Oil Prices Rise After Supplying Nations Agree on Releases Despite Worldwide Omicron Surge

Oil prices are rising again after allied oil-producing countries agreed to release more barrels.

U.S. crude oil rose in price by 1.7 percent on the New York Mercantile Exchange, resulting in $77.32 per barrel. Meanwhile, Brent crude oil's price, an international benchmark, rose by 1.5 percent to $80.28 a barrel.

OPEC and its allies make up OPEC+, a 23-member coalition that is working to restore oil production to pre-pandemic levels. The coalition, led by OPEC member Saudi Arabia and nonmember Russia, agreed on Tuesday to release 400,000 barrels of oil per day in February. The move is in line with a road map aimed at gradually restoring production cuts made during the worst part of the pandemic.

As with many industries, the coronavirus pandemic has created difficulties for the oil industry. With the Omicron variant spreading throughout the globe, it seemed the pandemic would continue to devalue oil, with low market prices and plunging stocks. However, it appears the market is beginning to stabilize as more supply continues to be released around the world. Now, Omicron is not expected to drastically affect the oil industry as it tries to recover.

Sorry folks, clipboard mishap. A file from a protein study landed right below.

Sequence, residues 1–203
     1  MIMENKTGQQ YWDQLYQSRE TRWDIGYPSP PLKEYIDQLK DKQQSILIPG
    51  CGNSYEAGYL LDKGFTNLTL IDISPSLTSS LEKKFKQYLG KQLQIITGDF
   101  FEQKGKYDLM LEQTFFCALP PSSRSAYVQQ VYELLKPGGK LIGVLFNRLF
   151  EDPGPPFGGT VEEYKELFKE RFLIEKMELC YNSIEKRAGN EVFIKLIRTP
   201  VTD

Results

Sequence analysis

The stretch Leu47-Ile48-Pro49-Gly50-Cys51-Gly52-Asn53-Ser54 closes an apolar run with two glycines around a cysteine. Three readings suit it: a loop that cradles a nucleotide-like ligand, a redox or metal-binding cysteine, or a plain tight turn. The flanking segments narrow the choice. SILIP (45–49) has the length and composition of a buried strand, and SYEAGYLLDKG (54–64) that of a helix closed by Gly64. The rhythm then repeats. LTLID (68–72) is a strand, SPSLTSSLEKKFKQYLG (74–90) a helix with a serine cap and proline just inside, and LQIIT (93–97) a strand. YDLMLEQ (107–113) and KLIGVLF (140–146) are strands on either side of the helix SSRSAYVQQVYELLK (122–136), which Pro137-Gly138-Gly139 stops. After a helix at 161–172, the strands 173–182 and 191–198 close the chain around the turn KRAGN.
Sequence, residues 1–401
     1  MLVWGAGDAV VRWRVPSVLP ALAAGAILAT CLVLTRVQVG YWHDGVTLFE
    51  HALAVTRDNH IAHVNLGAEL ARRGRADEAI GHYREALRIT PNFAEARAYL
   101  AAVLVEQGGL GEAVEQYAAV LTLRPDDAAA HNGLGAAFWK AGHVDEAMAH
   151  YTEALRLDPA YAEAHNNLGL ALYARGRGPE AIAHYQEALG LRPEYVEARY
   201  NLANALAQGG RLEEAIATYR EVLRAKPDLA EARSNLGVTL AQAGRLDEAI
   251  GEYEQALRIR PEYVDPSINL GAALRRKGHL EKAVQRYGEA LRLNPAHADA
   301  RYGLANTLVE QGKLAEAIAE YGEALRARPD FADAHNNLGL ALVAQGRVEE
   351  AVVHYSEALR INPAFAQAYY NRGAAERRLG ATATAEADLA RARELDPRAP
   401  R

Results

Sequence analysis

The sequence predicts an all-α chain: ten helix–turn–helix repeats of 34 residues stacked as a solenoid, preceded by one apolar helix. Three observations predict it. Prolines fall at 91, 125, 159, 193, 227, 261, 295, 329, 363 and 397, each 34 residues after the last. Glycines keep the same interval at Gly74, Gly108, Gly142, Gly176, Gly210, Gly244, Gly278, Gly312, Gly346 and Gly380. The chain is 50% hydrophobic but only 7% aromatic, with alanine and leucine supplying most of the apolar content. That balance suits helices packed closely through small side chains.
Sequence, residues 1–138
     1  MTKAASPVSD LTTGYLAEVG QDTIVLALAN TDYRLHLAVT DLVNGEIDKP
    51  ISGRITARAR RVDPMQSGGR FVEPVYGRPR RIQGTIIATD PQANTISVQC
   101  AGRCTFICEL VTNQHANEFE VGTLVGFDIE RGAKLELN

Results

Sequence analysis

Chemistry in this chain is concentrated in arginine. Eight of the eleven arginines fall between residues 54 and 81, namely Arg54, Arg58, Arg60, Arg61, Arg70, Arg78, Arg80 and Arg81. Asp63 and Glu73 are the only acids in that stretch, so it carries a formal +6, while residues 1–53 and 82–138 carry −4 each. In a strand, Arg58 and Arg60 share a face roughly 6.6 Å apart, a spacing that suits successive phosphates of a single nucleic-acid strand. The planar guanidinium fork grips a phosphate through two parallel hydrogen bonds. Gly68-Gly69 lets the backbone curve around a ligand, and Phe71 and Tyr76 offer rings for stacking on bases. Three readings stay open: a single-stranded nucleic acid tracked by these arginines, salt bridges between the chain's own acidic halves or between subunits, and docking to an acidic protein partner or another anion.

Oil Rigs
Oil prices are rising as OPEC and its allies agreed to release 400,000 barrels of oil a day in February. Above, oil rigs in Culver City, California. Photo by David McNew/Getty Images

OPEC's oil production increases are gradually restoring deep reductions made in 2020, when demand for motor and aviation fuel plummeted because of pandemic lockdowns and travel restrictions. At times, OPEC+ hasn't moved fast enough in raising production for President Joe Biden, who has urged producing countries to open the taps wider to combat surging gas prices and aid the economic recovery.

The U.S. and other oil-consuming countries on Nov. 23 announced a coordinated release of oil from strategic reserves in an effort to contain rising energy prices that have helped fuel inflation and raised politically sensitive gasoline prices for U.S. drivers. Yet Biden's move is seen as having only a muted effect on prices.

Oil prices climbed more than 50 percent last year as many pandemic restrictions eased and as the world learned how to better cope with precautions against the virus. The Omicron surge comes as the global economy is still in the process of healing. Growth has surpassed pre-pandemic levels in the U.S. but is only expected to do so in Europe in the first months of the year.

A recent decline in U.S. gasoline prices—which are significantly influenced by the price of crude—has steadied at a national average of $3.28 per gallon, down from about $3.40 in mid-November. Drivers face different prices depending on where they live. The average price in California was $4.66 per gallon, while drivers in Wisconsin paid $2.99.

The Associated Press contributed to this report.